“(Robert Johnson) cut (his wife’s) throat from ear to ear,” Baehre said, “Then he savagely plunged a knife, 49 times, into her body. The words that popped out at that trial were hate and rage.”
Baehre called the slaying “one of the most brutal and vicious” murders she has seen in more than a decade as a prosecutor.
“And (Johnson) has never exhibited remorse or sadness,” Baehre said.
Oltz, who is now raising the Johnson’s 10- and 5-year-old daughters, told Murphy the young girls are struggling to cope with the loss of their mother.
“The girls have been through counseling sessions (for emotions) that we as adults cannot understand ourselves,” Oltz said, her voice rising and choked with emotion. “What do you say to a 5-year-old who asks when is her mother coming back from heaven? What do I say?”
She said her sister’s death has changed her family’s life forever and left them with “a pain we would not wish on our worst enemy. It is a pain no one can erase.”
Then, Oltz told Murphy, “There is no punishment that can fit this crime, but we ask you do not allow this monster to commit another crime. He does not deserve to start his life over or be readmitted to society. I am asking you to dig deep, your honor. To take this personally, as if it was your daughter or child or mother.”
McNelis simply told Murphy his client was innocent.
“He has maintained his innocence, he continues to maintain his innocence,” McNelis said.
The defense lawyer told Murphy he had advised Johnson not to speak at the sentencing because of the upcoming hearing to have the jury verdict thrown out and a possible appeal of his case to a higher court.
Still, Murphy offered Johnson the chance to speak.
“You understand, you have an absolute right to speak to me,” the judge said. “Do you want to address this court?”
“No,” was all Johnson said.
Murphy said he’s been around longer than Baehre and he too was “hard-pressed to remember a murder of this viciousness.”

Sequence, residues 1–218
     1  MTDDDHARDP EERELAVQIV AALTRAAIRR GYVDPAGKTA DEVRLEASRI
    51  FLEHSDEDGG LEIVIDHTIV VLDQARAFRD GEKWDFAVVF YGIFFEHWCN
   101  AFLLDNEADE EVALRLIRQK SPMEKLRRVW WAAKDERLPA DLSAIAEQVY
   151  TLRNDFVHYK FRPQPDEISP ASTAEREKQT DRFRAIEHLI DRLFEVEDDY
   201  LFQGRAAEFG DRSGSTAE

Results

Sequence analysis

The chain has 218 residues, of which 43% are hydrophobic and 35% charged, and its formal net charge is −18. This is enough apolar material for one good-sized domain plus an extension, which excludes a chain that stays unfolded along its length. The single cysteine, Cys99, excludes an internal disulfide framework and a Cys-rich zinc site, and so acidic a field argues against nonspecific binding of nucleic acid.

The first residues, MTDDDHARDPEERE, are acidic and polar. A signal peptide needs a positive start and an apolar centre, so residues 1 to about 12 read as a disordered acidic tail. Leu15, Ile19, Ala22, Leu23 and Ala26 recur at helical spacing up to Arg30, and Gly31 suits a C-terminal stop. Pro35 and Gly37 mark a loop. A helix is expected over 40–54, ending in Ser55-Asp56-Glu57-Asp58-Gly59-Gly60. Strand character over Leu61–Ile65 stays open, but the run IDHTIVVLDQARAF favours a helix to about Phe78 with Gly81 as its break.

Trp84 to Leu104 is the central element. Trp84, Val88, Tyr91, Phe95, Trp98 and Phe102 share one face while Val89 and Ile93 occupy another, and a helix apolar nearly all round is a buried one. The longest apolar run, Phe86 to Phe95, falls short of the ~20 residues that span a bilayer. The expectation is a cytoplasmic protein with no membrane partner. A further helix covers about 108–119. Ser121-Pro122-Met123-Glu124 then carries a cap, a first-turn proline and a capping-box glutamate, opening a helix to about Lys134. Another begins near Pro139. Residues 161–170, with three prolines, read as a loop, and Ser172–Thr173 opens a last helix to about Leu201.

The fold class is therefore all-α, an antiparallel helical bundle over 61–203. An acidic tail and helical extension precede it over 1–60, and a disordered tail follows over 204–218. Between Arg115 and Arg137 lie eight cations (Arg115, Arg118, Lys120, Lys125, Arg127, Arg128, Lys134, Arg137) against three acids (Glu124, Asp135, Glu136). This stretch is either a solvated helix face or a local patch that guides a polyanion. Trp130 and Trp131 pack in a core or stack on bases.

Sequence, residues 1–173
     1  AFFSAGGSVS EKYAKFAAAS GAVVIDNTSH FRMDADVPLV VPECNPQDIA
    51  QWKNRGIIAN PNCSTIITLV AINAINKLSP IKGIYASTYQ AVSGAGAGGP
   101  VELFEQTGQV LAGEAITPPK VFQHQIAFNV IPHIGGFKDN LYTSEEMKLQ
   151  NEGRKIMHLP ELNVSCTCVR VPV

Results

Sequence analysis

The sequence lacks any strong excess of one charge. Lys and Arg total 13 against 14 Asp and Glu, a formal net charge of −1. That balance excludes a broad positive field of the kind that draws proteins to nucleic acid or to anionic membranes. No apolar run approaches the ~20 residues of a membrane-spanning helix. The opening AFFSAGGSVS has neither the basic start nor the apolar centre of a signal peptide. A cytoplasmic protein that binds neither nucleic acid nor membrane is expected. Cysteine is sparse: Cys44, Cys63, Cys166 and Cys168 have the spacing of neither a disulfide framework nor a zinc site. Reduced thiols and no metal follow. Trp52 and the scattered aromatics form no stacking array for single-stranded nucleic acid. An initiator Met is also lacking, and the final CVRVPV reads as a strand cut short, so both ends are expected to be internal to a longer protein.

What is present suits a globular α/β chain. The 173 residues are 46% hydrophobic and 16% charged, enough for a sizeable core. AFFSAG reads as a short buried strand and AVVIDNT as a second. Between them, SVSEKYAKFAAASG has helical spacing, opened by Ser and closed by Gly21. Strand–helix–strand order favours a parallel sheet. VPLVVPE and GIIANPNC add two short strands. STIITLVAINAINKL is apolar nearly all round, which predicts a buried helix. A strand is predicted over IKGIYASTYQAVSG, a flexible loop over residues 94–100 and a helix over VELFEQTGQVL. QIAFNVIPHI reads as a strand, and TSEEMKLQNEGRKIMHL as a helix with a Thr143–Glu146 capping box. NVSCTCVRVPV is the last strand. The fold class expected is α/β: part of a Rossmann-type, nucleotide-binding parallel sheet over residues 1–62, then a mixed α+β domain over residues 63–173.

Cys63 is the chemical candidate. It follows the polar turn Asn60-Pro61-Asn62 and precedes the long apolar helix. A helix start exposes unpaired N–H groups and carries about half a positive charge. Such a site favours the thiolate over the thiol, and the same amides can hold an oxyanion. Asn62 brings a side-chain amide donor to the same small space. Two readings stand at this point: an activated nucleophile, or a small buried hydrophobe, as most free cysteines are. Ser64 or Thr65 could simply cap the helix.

“Your conduct, from the time of your arrest through today strikes me as cold blooded and calculating,” Murphy told Johnson. “I see no reason not to give you the maximum.”
As Murphy told Johnson he would head to prison for at least 25 years and potentially life, many of the spectators began to cry. Ahkenya’s mom rocked back and forth and briefly raised her arms, as if in prayer.
“That means he’ll never be home again in his life,” Russell said.
Despite the harsh sentence, Russell said her former daughter-in-law’s family will remain close to her.
“I love them. They are and always will be family,” Russell said. “I loved Ahkenya. We had a wonderful relationship. That was my baby girl.”
Murphy also issued a lifetime order of protection that bars Johnson from any contact with his daughters.
“I am absolutely overjoyed that he will never have contact with those girls,” Oltz said. ‘There was no emotion from a man who found his wife brutally murdered. There is no other word for him other than monster.”
As Johnson was sentenced in Lockport, back in the Falls, outside the Jordan Gardens apartment were Ahkenya was slain, law enforcement and victim advocates held a rally against domestic violence, calling for greater public awareness of the crime.
Oltz said watching her sister and Johnson over the years, she feared she might become a domestic violence victim.
“I told (Ahkenya) he would do this to her,” Oltz said. “I told her please be careful, he will kill you.”